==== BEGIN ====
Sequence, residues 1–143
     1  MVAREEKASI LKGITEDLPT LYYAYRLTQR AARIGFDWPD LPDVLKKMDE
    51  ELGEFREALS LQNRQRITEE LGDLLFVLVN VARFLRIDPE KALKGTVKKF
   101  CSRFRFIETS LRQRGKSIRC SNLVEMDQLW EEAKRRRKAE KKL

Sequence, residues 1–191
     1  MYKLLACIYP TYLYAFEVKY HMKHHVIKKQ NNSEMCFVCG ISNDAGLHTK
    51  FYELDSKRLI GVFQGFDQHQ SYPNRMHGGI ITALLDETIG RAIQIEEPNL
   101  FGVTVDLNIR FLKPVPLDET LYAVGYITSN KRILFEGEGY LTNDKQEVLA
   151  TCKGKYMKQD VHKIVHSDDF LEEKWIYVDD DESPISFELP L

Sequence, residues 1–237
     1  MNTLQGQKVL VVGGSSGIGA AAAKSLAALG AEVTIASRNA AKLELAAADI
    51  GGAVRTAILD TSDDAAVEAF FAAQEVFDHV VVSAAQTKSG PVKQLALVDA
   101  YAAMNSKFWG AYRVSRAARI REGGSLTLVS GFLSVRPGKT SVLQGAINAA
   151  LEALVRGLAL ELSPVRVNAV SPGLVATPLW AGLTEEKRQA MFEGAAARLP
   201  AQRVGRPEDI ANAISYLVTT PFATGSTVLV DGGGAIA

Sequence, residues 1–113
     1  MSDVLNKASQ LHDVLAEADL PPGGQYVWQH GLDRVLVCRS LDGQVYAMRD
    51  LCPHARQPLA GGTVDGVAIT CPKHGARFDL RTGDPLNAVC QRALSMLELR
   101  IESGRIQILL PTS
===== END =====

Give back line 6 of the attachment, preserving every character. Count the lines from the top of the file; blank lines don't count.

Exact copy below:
     1  MYKLLACIYP TYLYAFEVKY HMKHHVIKKQ NNSEMCFVCG ISNDAGLHTK